Effective planners do not so much plan for others as they facilitate others’ planning for themselves by providing the necessary guidance, context, and resources. (84)

    Participatory planning requires open sharing of information throughout the organization.  It cannot be done in isolation. (84)

    Directives should convey the minimum amount of instruction necessary for effective execution. (89)

    If I could have re-typed all 92 pages of the book, I might have done just that.  But by now, everyone probably has sufficient food for thought.  Over the next month, I will attempt to incorporate this guidance into my own implementation plan. 

    The good news: I’m off the hook for trying to anticipate all variables and write a complex plan to address each one.  The bad news: in some ways the job is more difficult – we need to distill the plan down to the minimum instruction necessary, and still ensure project success.  Does anyone have best practices for eliminating flowery and redundant corporate speech?

    Hyperbole (The Best Thing Ever!)

    Tom Goebel, PMI Houston Director of Communications

    (WARNING: This article might cause life-changing enlightenment!)

    In John Irving’s novel A Prayer for Owen Meany, the title character is a small kid with a damaged voice who has to yell to be noticed. The author uses a neat trick to emphasis Owen’s yelling. He uses all caps in the dialogue to great effect. Considering the prevalence of hyperbole in modern journalism and political discourse, this might be a trick that modern media can use. After all, everyone is shouting anyway.

    I first became aware of the hyperbole epidemic in 2016. I’d just returned from an assignment outside of the country. It was early, and I was so tired when I got off the plane that I could have slept for a year. The political campaigns in the U.S. were ramping up, and each candidate was trying to outdo the other. It was at that point that I realized that elections really are often nothing more than entertainment. They exist to help us sharpen our knowledge about rhetorical skills. Think about it: during an election season we are able to learn terms like “straw man”, “bandwagon”, “corrective measure” and yes, “hyperbole”, and to use them in arguments at our local watering hole to full effect.  I tried to pay attention, but it was impossible because I had a million things to do.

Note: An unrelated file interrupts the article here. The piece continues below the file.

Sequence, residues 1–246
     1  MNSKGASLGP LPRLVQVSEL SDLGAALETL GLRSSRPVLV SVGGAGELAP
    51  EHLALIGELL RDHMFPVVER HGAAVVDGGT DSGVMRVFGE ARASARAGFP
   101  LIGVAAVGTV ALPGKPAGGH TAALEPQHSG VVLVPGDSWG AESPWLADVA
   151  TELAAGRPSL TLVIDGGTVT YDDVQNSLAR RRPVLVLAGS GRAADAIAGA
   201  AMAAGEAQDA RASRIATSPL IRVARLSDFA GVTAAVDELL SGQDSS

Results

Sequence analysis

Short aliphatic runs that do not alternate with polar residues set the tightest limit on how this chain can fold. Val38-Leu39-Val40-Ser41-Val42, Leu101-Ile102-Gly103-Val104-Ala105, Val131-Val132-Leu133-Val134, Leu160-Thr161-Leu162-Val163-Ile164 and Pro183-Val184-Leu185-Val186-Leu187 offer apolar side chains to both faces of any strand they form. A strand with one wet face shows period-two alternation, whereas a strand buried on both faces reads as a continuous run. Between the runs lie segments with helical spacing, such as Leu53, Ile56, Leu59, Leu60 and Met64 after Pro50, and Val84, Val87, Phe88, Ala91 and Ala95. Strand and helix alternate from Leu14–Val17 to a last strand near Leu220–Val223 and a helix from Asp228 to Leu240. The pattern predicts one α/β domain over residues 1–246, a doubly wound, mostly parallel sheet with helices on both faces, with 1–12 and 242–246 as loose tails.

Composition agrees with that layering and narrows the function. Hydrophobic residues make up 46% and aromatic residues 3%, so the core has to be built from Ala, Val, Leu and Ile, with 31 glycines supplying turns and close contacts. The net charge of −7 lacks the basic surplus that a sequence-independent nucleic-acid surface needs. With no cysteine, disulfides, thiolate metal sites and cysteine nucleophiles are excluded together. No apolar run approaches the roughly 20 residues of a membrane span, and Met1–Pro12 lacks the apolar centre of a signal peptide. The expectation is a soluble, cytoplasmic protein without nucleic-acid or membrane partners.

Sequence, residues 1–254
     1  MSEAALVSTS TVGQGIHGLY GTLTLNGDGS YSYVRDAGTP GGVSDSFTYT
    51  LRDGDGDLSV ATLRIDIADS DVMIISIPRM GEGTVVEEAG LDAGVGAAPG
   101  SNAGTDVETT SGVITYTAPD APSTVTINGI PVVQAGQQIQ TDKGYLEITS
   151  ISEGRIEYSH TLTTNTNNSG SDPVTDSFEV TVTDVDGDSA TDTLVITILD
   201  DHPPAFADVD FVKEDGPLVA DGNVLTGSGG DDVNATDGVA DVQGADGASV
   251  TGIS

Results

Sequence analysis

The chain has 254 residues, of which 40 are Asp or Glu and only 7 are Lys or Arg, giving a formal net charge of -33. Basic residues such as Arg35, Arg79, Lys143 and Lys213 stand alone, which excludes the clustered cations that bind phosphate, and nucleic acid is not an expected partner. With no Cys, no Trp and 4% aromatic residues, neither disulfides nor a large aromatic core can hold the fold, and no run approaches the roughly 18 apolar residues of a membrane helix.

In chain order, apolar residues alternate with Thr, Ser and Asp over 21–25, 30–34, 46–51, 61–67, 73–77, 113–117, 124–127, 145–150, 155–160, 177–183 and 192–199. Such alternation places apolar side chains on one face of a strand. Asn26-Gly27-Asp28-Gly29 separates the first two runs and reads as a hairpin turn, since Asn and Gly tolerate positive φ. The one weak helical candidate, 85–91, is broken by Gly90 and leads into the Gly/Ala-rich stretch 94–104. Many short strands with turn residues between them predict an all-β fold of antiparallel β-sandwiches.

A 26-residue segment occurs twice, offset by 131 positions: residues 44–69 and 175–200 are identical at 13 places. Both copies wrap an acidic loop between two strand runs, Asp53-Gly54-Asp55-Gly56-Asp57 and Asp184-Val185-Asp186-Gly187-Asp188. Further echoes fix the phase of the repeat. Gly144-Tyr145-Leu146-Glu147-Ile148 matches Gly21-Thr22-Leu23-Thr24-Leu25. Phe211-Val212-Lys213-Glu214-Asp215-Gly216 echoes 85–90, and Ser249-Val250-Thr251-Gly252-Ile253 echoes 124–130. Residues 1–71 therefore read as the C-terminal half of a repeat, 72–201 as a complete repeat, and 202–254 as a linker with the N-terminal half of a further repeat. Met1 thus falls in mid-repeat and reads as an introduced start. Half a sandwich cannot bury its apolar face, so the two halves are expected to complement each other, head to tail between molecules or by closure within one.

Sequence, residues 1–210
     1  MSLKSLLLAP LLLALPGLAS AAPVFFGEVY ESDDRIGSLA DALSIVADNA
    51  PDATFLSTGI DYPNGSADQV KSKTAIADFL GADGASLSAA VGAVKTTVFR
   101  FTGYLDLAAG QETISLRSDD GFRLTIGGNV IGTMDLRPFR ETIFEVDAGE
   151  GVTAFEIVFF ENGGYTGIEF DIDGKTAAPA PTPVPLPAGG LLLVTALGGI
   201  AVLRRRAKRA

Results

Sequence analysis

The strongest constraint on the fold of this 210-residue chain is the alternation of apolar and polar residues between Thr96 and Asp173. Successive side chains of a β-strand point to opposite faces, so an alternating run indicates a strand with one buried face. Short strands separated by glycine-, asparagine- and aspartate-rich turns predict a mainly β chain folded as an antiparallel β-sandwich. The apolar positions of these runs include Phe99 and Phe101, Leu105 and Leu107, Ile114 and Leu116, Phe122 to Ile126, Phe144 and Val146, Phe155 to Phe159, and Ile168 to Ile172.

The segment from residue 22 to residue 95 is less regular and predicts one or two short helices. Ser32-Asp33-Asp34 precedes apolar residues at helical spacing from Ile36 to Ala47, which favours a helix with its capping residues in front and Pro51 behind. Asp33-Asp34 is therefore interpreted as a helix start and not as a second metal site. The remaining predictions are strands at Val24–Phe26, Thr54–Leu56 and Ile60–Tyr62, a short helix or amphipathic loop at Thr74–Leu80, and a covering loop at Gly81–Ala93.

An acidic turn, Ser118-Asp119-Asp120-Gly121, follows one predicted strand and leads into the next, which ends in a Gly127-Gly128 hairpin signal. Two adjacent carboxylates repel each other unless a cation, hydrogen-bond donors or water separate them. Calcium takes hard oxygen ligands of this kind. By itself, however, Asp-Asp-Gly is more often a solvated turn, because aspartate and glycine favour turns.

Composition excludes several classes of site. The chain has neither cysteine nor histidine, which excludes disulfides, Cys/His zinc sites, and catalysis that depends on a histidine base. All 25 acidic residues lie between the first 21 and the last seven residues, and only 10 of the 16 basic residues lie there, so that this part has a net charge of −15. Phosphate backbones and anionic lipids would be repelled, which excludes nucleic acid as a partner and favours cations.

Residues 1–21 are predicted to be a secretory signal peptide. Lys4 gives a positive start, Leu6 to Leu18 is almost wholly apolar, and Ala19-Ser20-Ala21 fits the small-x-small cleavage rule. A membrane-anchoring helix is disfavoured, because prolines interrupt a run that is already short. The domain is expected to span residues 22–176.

So, where and when did this avalanche of hyperbole originate? Actually, it’s been with us all along. Cicero, probably the best orator in the history of ancient Rome (if not the universe!), employed hyperbole in denouncing his enemies.  He used “Charybdis” – a mythical sea monster who eats ships whole – as a simile for the rapacious Marc Antony. Can you imagine having this charge leveled at you? What an honor!

    Campaigns in our country have been as dirty as any in history.  In 1827, John Quincy Adams’ supporters said that rival Andrew Jackson’s mother had been brought to the states as a “camp-follower” by the British Army. Jackson supporters responded in kind, calling Adams a gambler and accusing him of supplying American women to Russian diplomats.

    Such is life, and such is what we’re left to deal with. How do we cope?  Really, there are only three things the intelligent project manager can do when he or she wants to keep hyperbole from literally killing their project:

    1.       Recognize
    2.       Ignore
    3.       Laugh

    The intelligent project manager recognizes hyperbole for what it is: a deliberate attempt to overstate a case in order to sway opinion. The intelligent project manager ignores the hyperbole and its potential distraction.  Finally, the intelligent project manager, when faced with hyperbole, laughs it off, denying any satisfaction to the provocative opponent.

    So, what did I do when I last encountered hyperbole?

    I died laughing.